This report explores the extent to which London's further education system is enabling all Londoners to thrive in the city's competitive job market at a time of profound economic change.
Further education plays a vital role in the capital: it helps Londoners into better paid and more fulfilling work, and provides employers with the skilled workforce they need.
In the face of a looming recession, and social and economic disruption from coronavirus, Brexit and technological change, it is more crucial than ever.
But London is entering the recession with a weakened further education system…
- It is underfunded: spending on adult education, apprenticeships and other work-based learning for over 18s has fallen by 37 per cent since 2009/10.
- There are not enough learners: the proportion of working age Londoners in further education has fallen by 40 per cent since 2014.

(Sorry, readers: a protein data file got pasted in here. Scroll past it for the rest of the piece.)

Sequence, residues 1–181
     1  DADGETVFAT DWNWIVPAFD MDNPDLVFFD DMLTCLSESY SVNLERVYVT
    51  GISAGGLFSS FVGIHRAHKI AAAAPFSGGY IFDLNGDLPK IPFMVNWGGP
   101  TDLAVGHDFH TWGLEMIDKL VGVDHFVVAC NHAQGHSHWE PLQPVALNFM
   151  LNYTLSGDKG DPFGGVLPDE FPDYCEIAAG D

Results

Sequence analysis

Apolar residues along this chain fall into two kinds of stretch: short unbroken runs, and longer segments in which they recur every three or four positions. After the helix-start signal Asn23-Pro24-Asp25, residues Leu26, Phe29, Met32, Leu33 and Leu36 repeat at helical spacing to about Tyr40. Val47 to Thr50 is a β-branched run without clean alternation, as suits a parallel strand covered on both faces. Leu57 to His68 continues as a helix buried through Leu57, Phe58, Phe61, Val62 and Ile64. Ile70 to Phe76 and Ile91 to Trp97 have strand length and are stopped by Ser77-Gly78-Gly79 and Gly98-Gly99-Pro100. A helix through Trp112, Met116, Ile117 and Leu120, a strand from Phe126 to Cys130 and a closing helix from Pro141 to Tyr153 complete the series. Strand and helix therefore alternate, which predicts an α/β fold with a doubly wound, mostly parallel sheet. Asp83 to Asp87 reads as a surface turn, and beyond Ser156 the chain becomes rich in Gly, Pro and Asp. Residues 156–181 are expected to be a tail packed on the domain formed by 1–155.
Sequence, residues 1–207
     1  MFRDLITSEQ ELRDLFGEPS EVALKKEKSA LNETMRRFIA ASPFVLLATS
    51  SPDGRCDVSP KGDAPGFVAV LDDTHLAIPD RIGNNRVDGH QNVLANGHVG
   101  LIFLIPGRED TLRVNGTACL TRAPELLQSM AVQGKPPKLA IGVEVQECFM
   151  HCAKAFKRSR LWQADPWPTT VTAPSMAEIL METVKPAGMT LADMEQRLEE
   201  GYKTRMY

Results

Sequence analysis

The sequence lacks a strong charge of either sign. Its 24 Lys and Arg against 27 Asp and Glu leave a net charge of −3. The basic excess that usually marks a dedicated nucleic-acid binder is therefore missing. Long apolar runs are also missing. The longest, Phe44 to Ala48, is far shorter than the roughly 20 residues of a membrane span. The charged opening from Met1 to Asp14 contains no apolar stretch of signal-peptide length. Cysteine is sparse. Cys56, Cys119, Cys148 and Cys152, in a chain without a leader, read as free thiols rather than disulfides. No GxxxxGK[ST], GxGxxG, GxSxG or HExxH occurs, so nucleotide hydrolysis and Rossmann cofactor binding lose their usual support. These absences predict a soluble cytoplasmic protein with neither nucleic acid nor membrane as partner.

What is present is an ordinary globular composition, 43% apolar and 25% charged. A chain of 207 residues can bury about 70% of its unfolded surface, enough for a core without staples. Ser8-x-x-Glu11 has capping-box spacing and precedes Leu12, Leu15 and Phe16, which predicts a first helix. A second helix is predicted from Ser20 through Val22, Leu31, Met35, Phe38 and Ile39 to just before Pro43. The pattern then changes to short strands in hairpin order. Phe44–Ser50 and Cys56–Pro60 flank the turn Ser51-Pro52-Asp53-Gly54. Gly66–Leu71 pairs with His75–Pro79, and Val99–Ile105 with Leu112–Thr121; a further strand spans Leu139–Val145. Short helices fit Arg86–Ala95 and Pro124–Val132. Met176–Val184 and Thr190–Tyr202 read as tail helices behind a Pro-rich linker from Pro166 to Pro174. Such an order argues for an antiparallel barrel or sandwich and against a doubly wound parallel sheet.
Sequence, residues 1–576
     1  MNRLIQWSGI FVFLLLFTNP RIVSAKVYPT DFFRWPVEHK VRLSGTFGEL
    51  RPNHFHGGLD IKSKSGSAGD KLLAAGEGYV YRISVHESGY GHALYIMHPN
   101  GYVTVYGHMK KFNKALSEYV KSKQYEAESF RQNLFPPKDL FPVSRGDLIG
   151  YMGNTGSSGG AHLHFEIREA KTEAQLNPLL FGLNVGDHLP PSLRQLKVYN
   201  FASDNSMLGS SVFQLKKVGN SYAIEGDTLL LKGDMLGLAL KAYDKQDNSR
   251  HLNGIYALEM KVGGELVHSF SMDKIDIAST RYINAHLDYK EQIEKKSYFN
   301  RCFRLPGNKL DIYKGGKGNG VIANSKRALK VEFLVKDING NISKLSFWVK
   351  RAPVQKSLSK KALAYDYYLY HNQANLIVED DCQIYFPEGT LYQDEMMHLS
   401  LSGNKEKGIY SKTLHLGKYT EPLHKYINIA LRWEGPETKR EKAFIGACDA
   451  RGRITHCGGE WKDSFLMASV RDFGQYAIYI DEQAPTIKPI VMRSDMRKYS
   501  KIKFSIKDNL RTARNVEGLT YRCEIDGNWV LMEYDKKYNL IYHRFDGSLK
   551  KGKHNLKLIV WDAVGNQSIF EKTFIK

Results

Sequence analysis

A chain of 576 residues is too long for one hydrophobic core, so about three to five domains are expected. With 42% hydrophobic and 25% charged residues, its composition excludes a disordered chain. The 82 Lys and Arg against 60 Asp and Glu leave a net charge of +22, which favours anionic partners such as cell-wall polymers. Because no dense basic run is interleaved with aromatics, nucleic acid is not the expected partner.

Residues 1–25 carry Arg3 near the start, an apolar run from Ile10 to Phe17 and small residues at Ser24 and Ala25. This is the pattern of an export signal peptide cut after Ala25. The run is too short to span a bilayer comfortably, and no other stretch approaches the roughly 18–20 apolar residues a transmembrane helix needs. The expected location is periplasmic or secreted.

- There are not enough new apprentices: London has half as many apprenticeship starts as the rest of the UK.
- It has not responded to employers’ needs: the number of learners and apprentices in areas with persistent skills shortages has not increased in line with employer demand.
Principles for reform
Without investment and strategic long-term thinking, the further education sector will not be able to support London’s recovery. The government can no longer afford to neglect it.
To respond to this, the government must:
- Introduce a support package for the further education sector, bringing funding closer to the higher education offer. This should include boosting teaching grants for subjects relevant to skills shortages.
- Make learning more affordable by offering free tuition for students studying for their first level 2 or level 3 qualification and a lifelong learning allowance for higher-level courses, available for adults without a publicly funded degree.
- Devolve the further education budget in full to London government, including funding for apprenticeships and 16-18 learning, to enable strategic oversight of the city’s skills provision and allow City Hall to set priorities that match London’s economic needs.